The delicate forms of Handmade Sam*Made’s signature products are once subtle and impactful, a modernist spin on Finnish himmeli, traditionally used as Christmas tree ornaments. In the Handmade Sam*Made version, spiky angles meet tubular brushed metal for home decor that’s not quickly forgotten. We spoke to Seattle-based founder Samantha Leung to learn more about how her himmeli came into being.
What inspired you to start making himmeli?
I love the idea of modernizing traditions. To take something that has been around for hundreds of years and to reinterpret that for our current world. That is why I make himmeli. Himmeli are a traditional Finnish ornament. My designs are a modern-minimalist take on their tradition.
I created this brand as an outlet for my creativity. I love the notion that something exists in the world because I exist. That is what drives me.
What’s your background? Were you always a designer?
I’m originally from Chicago, and I went to Drake University in Des Moines, Iowa for a B.A. in Law Politics and Society. I have minors in Sociology, Politics, Law, and Art. My education and path from the age of seven was to become an attorney, but after spending a year teaching and traveling all over China, I knew that it wouldn’t be the place for me.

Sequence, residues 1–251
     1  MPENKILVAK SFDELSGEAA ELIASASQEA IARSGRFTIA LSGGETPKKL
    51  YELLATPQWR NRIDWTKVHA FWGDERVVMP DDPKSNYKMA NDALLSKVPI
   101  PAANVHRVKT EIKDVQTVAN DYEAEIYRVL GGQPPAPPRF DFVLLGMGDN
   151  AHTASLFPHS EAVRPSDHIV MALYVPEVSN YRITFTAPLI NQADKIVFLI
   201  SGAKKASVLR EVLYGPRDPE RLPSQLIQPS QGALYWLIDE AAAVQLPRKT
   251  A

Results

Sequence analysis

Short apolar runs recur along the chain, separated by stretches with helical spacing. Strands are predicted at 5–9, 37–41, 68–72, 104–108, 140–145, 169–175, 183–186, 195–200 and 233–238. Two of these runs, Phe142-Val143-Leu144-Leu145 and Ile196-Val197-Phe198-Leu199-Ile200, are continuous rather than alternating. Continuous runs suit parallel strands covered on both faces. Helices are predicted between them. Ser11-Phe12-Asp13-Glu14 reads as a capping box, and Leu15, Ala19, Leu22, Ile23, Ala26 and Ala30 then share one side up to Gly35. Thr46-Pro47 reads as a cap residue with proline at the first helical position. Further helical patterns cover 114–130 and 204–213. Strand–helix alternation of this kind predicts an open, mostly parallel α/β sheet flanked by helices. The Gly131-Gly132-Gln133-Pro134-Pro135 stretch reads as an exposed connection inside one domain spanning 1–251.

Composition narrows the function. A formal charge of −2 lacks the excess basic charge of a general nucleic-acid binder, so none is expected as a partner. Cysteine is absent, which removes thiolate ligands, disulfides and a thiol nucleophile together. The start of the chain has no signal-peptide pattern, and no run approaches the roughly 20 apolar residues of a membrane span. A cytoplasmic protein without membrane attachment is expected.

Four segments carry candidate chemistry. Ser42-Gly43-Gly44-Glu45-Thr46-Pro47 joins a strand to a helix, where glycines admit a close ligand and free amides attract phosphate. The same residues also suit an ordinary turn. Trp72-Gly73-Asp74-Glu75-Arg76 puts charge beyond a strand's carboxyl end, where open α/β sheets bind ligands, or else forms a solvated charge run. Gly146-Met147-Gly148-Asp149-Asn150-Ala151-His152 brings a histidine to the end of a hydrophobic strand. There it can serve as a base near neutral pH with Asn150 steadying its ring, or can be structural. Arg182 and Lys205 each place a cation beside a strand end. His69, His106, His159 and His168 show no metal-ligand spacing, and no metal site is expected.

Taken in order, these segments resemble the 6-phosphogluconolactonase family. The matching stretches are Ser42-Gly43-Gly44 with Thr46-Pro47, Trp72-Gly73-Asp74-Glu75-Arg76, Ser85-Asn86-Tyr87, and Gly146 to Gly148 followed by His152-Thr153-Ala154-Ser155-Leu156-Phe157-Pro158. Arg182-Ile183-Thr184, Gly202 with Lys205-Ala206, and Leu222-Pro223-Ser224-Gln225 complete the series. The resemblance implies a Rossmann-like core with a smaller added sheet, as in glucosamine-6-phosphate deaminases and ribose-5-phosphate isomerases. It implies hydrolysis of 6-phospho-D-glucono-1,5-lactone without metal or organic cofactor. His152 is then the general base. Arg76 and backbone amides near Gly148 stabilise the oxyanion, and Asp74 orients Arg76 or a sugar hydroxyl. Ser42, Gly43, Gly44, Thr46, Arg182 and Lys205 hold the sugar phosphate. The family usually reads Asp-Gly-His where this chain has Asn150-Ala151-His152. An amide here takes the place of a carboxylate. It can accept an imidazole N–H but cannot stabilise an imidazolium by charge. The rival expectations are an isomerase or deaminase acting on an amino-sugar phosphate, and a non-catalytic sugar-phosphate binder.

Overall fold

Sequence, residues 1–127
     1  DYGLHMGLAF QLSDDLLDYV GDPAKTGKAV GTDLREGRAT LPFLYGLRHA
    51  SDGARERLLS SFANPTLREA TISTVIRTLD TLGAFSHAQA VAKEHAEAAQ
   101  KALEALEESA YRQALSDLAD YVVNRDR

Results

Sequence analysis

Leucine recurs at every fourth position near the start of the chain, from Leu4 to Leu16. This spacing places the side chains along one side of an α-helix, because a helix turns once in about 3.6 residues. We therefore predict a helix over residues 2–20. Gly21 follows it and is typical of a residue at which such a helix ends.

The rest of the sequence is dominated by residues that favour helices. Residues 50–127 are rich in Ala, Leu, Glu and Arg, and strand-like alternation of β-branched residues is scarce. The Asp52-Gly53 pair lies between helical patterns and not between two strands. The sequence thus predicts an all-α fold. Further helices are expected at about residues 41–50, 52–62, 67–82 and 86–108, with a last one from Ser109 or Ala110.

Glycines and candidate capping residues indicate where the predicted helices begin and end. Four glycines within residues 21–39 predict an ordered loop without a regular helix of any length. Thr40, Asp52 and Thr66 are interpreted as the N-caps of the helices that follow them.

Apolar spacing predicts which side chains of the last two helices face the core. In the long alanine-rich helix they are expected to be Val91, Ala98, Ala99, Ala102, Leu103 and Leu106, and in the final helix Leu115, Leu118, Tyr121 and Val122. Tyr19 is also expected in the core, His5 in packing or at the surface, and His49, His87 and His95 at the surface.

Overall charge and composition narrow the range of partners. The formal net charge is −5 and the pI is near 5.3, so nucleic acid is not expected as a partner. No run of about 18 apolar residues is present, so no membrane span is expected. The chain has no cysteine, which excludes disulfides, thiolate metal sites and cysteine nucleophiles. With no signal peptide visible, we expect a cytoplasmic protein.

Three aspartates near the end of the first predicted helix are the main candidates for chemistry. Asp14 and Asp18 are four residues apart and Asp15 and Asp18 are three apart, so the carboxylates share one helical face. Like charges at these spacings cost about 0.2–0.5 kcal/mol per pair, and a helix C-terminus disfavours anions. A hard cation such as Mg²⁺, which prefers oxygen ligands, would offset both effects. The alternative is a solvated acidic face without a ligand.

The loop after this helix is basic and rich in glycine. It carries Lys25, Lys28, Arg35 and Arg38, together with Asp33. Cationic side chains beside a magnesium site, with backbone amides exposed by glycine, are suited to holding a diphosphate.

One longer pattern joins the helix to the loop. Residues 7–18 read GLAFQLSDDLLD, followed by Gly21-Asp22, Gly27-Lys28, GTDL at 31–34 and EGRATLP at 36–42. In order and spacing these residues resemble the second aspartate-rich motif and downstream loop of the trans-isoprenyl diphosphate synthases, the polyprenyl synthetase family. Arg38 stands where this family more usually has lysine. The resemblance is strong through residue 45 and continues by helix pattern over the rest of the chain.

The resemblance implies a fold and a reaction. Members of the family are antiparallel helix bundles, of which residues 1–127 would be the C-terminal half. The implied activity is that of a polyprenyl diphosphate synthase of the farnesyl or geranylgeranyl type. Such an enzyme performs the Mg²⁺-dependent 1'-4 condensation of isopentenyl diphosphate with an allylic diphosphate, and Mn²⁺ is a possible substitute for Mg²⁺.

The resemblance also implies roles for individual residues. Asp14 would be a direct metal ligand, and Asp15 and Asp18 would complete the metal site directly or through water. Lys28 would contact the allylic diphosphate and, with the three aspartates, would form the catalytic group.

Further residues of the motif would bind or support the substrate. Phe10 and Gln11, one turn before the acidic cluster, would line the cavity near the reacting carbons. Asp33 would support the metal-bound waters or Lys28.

Ultimately, I’ve been a maker my entire life; from wood burning at the age of six to developing my own film at fourteen I like to say that my ability to create stems from my intense curiosity.
Why did you keep manufacturing in the United States as opposed to overseas?
People, family, friends, and even other makers have all told me that I could easily get my products made abroad. I believe them, but I also believe in living a purposeful life, and living with positive intention. When it comes to what I make, I don’t believe in mass production in nameless factories.
I appreciate the handmade, the artist behind an object and the artistry and skill that goes into each piece, which is why I personally hand make each and every piece. I believe if you care about what you are making, that sentiment can be felt in the object.